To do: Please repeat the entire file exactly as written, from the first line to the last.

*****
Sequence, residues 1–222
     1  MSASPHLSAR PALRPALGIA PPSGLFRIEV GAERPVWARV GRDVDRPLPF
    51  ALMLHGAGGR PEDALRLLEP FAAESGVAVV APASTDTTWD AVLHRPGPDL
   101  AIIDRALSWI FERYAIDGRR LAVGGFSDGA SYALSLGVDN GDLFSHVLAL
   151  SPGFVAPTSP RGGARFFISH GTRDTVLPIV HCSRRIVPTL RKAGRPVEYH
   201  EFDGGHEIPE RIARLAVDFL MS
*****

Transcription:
Sequence, residues 1–222
     1  MSASPHLSAR PALRPALGIA PPSGLFRIEV GAERPVWARV GRDVDRPLPF
    51  ALMLHGAGGR PEDALRLLEP FAAESGVAVV APASTDTTWD AVLHRPGPDL
   101  AIIDRALSWI FERYAIDGRR LAVGGFSDGA SYALSLGVDN GDLFSHVLAL
   151  SPGFVAPTSP RGGARFFISH GTRDTVLPIV HCSRRIVPTL RKAGRPVEYH
   201  EFDGGHEIPE RIARLAVDFL MS